J inserted a set of cable glute pull-throughs because we had been discussing it. The pull-throughs look strange, are awkward, and they are proving challenging to master, if only because I am not practicing them on my own. For that alone this was good reason for going through them again, because it illustrates why I am in the gym and practicing Lists on my own so consistently. But I am getting the general idea, even if my execution remains imperfect. However, it’s good enough to know that I feel that contraction right smack dab in the center of my glutes.

We went into the fluffy cuffies and glute kickbacks and donkey kicks, doing sets that included 10 reps of each. Glute kickbacks I am trying to get the leg as high and as parallel to the floor as possible, and I believe I am getting better with these. Same is true of the donkey kicks – love donkey kicks – and for this I need to focus on getting heel higher and up toward the ceiling. Anymore, I have made love affair with single leg exercises.

The long rope low-high chops – better, but still imperfect. I have gotten the basic shape and process down and know where my feet should be in relation to the cable, but still know feel they are imperfect in critical ways. I wonder – should I be bending more at the waist at the start, or sort of getting lower by bending the knees? Or does it even matter that much? I did learn today by observing the way J held the rope that the arm/hand furthest from the cable stayed sort of tucked in place, and the hand/arm pulling up was straight out in front and pushing upward at the end of the motion. Not across, more a twist and push forward from the shoulder. Monday it seems I wanted to have both arms extended outward, but it makes more sense and feels more natural to have the further elbow bent and arm sort of tucked up against the side. Got the feet settled as well after pivoting around my office with imaginary rope in hand.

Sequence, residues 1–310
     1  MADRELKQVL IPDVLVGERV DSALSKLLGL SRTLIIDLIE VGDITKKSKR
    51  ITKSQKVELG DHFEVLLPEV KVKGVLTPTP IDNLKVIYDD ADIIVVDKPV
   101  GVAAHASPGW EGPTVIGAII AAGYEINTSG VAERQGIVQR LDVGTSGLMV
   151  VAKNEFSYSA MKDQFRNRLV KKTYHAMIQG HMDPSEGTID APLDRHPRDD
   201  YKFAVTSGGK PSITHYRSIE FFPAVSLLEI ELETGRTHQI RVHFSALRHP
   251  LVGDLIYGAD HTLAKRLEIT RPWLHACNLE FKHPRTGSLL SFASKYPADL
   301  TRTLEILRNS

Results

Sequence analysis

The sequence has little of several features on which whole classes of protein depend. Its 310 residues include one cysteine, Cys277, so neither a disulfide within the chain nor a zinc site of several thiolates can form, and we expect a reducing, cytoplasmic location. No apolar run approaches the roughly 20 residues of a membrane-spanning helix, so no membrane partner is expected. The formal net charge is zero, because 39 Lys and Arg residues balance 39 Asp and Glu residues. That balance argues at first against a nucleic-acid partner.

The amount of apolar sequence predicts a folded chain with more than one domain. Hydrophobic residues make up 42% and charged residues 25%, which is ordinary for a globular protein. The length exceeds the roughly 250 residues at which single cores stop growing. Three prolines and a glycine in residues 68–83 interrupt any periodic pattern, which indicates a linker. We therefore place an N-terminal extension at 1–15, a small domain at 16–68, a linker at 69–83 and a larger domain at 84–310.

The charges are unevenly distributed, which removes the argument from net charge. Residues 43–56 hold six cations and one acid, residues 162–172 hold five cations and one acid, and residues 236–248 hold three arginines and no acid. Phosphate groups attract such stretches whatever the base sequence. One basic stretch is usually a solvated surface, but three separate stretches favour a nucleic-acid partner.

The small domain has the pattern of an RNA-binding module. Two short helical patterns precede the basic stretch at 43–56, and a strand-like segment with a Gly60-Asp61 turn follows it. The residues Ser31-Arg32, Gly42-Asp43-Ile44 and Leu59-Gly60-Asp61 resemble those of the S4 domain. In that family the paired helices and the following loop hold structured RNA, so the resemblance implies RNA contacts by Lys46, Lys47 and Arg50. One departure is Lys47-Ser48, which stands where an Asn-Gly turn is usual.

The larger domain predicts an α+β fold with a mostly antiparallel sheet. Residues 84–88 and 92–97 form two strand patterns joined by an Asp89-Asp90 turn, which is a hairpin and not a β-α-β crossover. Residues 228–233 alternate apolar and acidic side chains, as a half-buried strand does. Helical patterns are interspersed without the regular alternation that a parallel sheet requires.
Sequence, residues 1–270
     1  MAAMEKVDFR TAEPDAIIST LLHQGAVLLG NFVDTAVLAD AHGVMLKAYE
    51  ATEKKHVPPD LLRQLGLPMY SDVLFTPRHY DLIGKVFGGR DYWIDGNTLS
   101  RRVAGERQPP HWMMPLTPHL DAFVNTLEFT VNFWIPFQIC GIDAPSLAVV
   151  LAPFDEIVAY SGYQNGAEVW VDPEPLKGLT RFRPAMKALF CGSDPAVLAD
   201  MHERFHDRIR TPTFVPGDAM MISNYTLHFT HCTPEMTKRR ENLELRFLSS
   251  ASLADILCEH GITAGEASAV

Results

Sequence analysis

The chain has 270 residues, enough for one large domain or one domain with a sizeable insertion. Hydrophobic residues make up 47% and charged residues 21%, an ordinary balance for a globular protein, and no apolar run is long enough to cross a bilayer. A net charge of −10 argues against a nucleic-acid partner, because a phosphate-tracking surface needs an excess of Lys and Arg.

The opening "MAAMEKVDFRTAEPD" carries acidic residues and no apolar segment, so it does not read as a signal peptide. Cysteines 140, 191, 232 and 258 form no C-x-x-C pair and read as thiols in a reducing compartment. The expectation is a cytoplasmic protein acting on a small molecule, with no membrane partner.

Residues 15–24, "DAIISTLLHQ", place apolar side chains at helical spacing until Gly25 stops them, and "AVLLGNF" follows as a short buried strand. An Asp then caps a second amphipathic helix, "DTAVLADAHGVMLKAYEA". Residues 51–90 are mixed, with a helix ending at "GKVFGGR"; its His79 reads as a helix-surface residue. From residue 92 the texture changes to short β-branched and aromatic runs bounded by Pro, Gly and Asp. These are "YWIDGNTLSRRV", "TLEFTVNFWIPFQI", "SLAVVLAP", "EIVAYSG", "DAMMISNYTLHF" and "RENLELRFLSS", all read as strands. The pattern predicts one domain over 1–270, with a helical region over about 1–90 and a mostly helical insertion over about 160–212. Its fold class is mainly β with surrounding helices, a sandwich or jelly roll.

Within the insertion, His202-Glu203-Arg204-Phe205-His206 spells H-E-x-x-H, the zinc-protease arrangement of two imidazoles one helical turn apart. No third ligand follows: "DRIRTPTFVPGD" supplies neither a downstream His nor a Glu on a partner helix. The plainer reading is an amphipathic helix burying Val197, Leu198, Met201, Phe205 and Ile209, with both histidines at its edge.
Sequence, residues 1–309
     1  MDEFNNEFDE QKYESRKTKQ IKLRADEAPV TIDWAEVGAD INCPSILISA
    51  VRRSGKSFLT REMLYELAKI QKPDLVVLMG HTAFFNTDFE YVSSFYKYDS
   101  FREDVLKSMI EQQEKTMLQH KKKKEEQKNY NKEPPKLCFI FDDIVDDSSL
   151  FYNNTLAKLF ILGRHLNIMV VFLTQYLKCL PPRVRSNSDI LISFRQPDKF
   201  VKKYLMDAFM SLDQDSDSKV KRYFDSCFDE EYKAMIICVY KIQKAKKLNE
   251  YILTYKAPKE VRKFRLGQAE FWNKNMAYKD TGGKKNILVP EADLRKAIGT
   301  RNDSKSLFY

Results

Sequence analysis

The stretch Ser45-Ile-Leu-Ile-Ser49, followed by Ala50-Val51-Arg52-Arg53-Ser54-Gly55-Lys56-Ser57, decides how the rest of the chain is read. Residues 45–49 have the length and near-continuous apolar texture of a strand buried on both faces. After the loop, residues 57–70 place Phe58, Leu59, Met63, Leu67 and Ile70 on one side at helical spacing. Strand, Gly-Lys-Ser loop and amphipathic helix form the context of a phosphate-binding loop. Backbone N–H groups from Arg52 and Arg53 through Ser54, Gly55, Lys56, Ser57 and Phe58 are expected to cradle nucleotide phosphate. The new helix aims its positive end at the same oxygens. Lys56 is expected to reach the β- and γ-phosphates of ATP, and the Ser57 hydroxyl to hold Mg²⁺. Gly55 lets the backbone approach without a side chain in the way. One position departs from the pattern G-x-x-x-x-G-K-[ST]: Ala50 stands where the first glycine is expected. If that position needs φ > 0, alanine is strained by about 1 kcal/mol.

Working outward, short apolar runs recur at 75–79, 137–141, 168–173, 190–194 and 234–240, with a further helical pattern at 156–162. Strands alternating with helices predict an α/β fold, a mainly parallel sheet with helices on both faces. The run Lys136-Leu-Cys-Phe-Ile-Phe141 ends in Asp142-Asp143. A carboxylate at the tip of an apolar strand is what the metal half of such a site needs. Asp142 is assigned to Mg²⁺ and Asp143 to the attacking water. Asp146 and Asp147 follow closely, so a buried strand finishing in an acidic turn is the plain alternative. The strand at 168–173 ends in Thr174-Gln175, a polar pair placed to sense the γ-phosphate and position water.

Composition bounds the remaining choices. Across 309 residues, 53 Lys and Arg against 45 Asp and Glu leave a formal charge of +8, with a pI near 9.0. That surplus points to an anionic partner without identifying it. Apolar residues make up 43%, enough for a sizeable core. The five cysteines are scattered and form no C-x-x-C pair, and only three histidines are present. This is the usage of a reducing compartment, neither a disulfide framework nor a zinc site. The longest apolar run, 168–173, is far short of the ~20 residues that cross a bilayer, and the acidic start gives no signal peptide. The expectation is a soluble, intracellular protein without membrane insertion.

We reviewed the  dual cable bent-over tricep kickbacks, and my new focus is raising elbows higher and pulling the cables back. The closest shape that comes to mind is the bent over dumbbell rows, only instead of using shoulders (and invisible arms) to pull weights up and down I am staying with elbows in the upper position and pulling cables up by extending elbows. Feel these all the way to the core of the tricep. I experimented with letting the arms and elbows drop slightly and could not feel the triceps as strongly. This is a new mad love for triceps.

For the dual cable biceps curl, need to remind myself to keep the elbows in front of me and to not completely straighten the elbow. While still not a huge fan of curls, I find these and the concentration curls are growing on me. Again, the feet together causes the glutes and abs to tighten, me to stand up straight, keep chest up (first) and shoulders back (second) and maintain that posture through the series of biceps curls.

Kitchen Sink Thoughts

The little things on training days are meaningful. Stories about other tribe members’ successes are so exhilarating and uplifting, even if their goals are not even close to my own. I do not ever aspire to be a powerlifter, perfectly happy slogging through my multitude of reps and sets with lighter weights. But I am thrilled out of my mind when one of the powerlifting ladies in my age range crests a new plateau in  her training pursuits. I marvel at her capabilities and reimagine what I myself may accomplish with time and persistent practice.

A good friend hurt herself in a crossfit class/session yesterday. This is her second or third shoulder-related injury, all of which had her on the couch and not exercising at all for at least a week, the last was almost a month. Visit to the doctor on her calendar today. We are approximately the same age, and since she began crossfit 18 months ago she has lost an impressive 26 lbs. despite the injuries that have prevented her from exercise on a few different occasions now. It is an admirable accomplishment, and the almost immediate results and the rah-rah-rah nature of her crossfit gym has her hooked.